New tactics for fighting the flu with Tri-State cases on the rise

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Marcus Solis reports on new tactics for fighting the flu as cases rise in the Tri-State area.

The latest flu tracking shows a dramatic increase in the number of influenza cases in the Tri-State area.

In New Jersey, the worst of it is in the counties along the Hudson and the Atlantic, plus cases in all 8 counties in Connecticut, and in New York, the highest number is in parts of the city, on Long Island, and in Westchester and Putnam counties.

Hospitals are now changing their flu-fighting tactics.

"Flu-like illnesses are starting to ramp up," said Dr. Anil Vaidian of the Rockland County Health Department, where they've been watching the numbers: a sharp increase in confirmed influenza cases means we are in peak flu season.

"Influenza-like illnesses, hospitalizations, we didn't see a lot of that in say November, December," said Dr. Vaidian.

The state health department has declared the flu prevalent in New York. According to the latest data, there were over 1,000 cases reported the first week of February, 77 percent more than the week before.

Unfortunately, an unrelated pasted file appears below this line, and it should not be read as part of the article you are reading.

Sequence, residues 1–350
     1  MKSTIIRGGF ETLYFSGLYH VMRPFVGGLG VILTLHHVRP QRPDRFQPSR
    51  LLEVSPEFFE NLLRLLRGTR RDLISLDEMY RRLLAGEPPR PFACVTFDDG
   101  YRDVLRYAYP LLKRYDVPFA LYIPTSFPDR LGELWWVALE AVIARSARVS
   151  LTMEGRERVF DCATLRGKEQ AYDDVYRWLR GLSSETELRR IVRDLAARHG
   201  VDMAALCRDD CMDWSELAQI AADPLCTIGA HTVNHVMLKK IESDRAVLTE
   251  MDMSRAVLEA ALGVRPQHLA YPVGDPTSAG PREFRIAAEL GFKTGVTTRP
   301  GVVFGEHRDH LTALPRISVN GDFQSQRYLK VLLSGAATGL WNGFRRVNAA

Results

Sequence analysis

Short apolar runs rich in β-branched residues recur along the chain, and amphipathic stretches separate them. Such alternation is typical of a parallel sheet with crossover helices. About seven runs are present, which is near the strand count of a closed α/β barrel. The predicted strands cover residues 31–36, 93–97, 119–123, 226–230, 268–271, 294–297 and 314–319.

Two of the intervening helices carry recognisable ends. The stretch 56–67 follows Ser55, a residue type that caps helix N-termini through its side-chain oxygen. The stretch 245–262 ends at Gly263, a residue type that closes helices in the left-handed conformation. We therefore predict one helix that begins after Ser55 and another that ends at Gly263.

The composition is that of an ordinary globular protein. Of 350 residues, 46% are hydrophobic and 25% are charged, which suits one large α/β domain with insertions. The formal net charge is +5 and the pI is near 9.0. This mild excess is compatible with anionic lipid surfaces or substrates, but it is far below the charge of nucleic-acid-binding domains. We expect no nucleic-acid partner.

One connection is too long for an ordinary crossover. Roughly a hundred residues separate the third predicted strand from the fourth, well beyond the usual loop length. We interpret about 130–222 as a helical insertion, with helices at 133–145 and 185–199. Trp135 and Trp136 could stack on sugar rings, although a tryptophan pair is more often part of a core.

204 people were hospitalized, an increase of 49 percent. So far no pediatric deaths have been reported.

But the new numbers mean new rules. At Nyack Hospital, visitors with symptoms like coughing, sneezing, fever, will not be allowed in. Patients are limited to two visitors at a time, and no one under the age of 13 will be permitted to see a patient.

"Some of our patients are quite sick and they can be more vulnerable to some of the severe effects of the flu which can be very severe," said Dr. Johnny Kwon of Nyack Hospital.

Visitors are encouraged to wear face masks which are readily available. But during flu season they're an absolute requirement for some employees.

State regulations require healthcare workers who are unable or unwilling to get a flu shot to wear masks. The effectiveness of this year's vaccine hasn't been determined, but experts insist it's important to get one.

"There's a smaller population or a subset of people that can actually become infected and perpetuate and transmit the virus," said Dr. Vaidian, who says the late start could mean a late end to the flu season, with new cases possible well into May.

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healthhealthfluflu seasonmedical
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